Revenue raising taxes : general equilibrium evaluation of alternative taxation in U.S. petroleum industries
AbstractShould the United States increase taxes and tariffs in the energy sector to reduce its federal deficit? This paper uses a twelve sector general equilibrium model to estimate the fiscal effects, and the effects on welfare and employment, of : (i) a 25 percent import tax on imported crude petroleum oil; (ii) a 15 percent excise tax on petroleum products; and (iii) a combination of the two. The excise tax would be the most efficient revenue raising instrument. The 25 percent import tariff would raise US$7.3 billion, while the 15 percent excise tax would raise US$35 billion. Moreover, each dollar raised through a tariff would come at a loss of 25 cents in welfare. Each dollar raised through an excise tax would come at a loss of only one cent in welfare. Acombination of excise taxes, subsidies, and import tariffs would be the least costly way (in terms of welfare) to raise US$20 billion. The optimal tax structure would involve a tariff and a small subsidy on petroleum products to counteract the distortion induced by a tax on oil - the most important input for petroleum products.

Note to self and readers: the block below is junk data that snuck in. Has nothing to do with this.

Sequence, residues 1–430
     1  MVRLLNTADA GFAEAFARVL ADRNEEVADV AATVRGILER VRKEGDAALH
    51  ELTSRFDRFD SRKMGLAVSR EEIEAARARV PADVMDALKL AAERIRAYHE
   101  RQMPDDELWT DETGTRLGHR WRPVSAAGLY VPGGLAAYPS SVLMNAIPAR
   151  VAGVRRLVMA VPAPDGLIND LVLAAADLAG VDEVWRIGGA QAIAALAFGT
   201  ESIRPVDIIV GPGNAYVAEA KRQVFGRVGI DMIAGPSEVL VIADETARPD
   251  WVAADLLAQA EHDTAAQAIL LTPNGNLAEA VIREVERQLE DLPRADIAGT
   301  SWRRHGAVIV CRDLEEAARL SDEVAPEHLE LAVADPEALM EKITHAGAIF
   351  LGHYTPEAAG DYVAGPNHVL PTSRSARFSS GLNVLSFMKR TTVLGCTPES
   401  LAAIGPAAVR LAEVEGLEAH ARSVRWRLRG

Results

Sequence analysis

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Bibliographic InfoPaper provided by The World Bank in its series Policy Research Working Paper Series with number 145.
Date of creation: 28 Feb 1989
Date of revision:
Economic Theory&Research; Oil Refining&Gas Industry; Public Sector Economics&Finance; Energy and Environment; Environmental Economics&Policies;
Other versions of this item:
- de Melo, Jaime & Stanton, Julie & Tarr, David, 1989. "Revenue-raising taxes: General equilibrium evaluation of alternative taxation in U.S. petroleum industries," Journal of Policy Modeling, Elsevier, vol. 11(3), pages 425-449.
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